Following are some thoughts on steps you can take to manage and master your online presence. Taking just a few of these steps will help you and your organization be visible to the online consumer.
Having – and using – the right social platform management tools is essential for keeping up a presence on all the major platforms such as LinkedIn, Facebook, Twitter, and Google+.
Tools that allow you to automate status updates on various platforms enable you to promote your latest content to all of your social networks with a minimum investment of time and effort. There are many solutions that can automatically improve your website articles, as well as other content, to your social media networks. Following are a few of the most popular:
Buffer is one of the easier to use and less expensive tools to automate postings to your social platforms. This is the tool I am currently using, and I love its clean and easy-to-use interface. It will post updates to your LinkedIn agency page, LinkedIn Groups, Facebook, Twitter, and Google+ page.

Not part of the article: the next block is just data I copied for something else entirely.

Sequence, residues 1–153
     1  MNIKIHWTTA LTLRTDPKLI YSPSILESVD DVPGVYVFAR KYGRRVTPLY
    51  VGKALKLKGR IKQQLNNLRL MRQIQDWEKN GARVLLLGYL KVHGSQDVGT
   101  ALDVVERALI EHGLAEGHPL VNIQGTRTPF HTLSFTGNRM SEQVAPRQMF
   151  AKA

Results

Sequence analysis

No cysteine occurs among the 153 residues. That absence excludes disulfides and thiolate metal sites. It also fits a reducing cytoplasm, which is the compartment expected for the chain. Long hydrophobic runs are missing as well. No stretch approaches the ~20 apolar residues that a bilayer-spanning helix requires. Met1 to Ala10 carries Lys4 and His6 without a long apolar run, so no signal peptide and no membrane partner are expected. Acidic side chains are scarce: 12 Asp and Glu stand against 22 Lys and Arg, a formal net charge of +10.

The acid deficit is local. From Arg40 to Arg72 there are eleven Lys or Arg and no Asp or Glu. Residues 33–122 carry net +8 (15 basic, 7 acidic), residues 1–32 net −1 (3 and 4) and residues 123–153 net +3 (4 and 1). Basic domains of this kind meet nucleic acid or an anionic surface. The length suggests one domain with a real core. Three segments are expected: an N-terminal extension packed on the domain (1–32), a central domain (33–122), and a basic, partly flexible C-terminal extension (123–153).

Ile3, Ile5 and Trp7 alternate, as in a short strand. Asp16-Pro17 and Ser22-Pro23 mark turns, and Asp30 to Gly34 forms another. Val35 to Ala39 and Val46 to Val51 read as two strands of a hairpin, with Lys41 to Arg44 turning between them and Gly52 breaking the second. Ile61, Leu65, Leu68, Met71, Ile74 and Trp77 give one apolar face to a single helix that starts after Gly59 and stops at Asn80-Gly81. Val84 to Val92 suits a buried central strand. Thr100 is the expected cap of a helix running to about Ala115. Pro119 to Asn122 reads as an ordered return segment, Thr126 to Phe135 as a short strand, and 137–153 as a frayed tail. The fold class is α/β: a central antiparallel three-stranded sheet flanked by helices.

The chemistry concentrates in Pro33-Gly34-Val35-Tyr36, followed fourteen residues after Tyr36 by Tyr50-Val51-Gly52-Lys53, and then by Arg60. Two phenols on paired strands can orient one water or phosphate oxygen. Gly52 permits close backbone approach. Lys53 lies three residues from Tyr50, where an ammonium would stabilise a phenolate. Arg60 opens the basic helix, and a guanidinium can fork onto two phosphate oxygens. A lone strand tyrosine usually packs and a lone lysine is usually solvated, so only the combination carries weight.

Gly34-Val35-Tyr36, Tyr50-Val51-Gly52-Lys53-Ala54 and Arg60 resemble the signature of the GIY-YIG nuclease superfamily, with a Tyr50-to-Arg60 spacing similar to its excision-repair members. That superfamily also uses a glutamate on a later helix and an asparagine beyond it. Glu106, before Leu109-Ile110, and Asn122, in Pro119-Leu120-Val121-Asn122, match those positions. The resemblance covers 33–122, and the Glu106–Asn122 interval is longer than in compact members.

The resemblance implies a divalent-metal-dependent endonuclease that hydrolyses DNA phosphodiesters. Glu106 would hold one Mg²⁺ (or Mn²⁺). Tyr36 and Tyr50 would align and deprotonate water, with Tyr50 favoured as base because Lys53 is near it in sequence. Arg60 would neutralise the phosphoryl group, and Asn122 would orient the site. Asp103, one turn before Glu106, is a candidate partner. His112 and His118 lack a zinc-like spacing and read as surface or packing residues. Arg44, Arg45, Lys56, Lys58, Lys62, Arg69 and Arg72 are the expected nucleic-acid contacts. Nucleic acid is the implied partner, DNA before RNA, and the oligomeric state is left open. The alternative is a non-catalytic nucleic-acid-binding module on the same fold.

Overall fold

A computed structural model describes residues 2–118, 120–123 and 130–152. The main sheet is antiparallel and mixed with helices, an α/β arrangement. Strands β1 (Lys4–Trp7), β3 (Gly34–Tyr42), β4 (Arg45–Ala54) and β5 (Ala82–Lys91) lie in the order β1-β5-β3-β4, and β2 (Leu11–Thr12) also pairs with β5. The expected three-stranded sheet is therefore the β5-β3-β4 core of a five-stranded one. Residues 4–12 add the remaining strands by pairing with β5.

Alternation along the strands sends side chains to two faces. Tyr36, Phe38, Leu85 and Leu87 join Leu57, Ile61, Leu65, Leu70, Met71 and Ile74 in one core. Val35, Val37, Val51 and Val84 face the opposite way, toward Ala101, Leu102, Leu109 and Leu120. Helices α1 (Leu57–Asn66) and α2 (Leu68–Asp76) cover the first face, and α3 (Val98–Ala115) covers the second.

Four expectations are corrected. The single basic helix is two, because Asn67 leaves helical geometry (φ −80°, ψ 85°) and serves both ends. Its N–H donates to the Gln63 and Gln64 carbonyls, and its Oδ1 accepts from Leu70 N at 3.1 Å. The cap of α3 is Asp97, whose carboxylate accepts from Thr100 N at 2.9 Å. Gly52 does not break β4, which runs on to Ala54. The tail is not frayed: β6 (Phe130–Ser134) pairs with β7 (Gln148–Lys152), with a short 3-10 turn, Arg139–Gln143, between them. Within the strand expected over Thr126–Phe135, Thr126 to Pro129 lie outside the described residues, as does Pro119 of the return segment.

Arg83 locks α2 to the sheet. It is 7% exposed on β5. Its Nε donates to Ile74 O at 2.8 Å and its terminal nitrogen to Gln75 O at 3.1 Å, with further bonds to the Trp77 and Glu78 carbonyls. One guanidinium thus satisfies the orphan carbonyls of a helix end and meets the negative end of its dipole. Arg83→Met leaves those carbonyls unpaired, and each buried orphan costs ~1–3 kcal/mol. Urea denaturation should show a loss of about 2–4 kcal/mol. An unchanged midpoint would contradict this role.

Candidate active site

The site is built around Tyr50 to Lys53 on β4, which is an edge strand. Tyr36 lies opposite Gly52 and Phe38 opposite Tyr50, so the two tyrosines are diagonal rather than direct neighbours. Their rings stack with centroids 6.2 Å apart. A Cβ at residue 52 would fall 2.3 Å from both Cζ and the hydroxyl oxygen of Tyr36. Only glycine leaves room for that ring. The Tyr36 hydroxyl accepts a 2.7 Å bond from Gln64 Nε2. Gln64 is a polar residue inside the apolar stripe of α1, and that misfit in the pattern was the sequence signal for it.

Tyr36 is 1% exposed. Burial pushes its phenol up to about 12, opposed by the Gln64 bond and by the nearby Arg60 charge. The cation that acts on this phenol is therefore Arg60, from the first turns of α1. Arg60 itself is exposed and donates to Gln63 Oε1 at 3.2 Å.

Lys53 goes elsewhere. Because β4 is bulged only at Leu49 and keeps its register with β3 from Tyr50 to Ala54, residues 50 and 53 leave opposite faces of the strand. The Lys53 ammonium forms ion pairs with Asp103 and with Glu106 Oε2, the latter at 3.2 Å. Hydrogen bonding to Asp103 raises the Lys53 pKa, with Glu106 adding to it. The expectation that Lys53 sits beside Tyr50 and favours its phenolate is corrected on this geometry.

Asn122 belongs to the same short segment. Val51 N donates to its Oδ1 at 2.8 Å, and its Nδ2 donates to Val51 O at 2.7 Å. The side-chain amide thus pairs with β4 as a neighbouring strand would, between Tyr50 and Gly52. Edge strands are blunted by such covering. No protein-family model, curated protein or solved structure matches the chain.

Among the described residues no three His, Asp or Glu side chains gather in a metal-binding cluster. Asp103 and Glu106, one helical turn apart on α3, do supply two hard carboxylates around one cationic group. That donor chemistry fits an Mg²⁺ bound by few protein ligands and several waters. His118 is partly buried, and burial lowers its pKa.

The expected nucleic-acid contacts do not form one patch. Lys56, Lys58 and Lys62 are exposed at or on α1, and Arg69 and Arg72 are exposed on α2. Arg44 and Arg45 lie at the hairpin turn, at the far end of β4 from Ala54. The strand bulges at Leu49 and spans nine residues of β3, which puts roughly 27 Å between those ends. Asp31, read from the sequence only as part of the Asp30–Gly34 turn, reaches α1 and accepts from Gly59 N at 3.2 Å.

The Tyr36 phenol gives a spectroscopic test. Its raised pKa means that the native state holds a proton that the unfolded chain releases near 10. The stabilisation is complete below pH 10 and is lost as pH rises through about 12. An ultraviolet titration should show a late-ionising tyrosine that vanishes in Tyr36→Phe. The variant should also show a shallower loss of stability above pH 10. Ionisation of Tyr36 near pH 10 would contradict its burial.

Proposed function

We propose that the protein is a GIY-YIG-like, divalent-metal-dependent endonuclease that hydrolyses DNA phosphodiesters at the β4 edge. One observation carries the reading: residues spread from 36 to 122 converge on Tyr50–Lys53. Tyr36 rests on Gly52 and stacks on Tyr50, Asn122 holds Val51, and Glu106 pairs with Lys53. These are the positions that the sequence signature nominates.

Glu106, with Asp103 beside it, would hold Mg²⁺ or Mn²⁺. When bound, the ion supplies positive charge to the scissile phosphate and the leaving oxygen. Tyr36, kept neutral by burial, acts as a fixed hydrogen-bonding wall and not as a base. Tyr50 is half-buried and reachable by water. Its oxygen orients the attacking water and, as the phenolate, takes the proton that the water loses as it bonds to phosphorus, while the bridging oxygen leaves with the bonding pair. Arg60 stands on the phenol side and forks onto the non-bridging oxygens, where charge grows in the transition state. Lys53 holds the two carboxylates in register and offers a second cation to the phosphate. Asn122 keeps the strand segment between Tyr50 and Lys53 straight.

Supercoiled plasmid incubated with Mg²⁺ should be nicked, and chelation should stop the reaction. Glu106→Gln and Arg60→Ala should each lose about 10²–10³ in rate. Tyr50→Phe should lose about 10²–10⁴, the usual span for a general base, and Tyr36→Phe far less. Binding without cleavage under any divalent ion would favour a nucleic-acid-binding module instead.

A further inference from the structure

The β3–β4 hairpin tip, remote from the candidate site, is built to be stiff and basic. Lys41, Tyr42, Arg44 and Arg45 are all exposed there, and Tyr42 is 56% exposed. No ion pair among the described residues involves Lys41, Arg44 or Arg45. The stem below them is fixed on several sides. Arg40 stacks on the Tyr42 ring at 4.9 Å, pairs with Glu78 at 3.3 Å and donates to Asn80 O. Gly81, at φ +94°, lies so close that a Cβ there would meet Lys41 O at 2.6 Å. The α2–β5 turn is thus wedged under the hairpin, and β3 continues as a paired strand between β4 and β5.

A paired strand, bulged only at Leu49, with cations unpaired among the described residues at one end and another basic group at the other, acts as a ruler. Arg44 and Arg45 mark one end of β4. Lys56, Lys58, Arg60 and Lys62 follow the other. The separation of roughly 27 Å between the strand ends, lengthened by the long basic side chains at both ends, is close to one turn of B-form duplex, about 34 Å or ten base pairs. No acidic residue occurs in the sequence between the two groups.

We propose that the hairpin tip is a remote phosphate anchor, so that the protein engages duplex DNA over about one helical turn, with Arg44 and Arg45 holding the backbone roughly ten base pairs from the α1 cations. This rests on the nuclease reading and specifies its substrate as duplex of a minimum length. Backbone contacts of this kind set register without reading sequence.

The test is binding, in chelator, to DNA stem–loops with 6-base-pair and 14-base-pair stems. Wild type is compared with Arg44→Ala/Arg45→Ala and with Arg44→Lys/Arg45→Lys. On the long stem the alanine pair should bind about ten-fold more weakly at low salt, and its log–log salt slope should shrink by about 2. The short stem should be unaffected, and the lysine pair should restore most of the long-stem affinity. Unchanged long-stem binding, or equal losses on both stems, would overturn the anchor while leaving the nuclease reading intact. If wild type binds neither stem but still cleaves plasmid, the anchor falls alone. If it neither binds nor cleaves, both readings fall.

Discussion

Buffer allows you to create a schedule for when updates will be posted to your social platforms. For instance, on Mondays through Fridays, I post updates three times during the day. On weekends, I post two updates on Saturday and no updates on Sunday. This gives you complete control over when and how often updates post to your various accounts.
You can add updates to your Buffer account using their website, as well as their iPhone app, Android app, and Chrome, Firefox, and Safari browser extensions.
Buffer’s built-in analytics allows you to find the times of day that your post gets the most engagement and the type of topics your audience likes the most. This helps you better understand what kind of content you should include in future updates.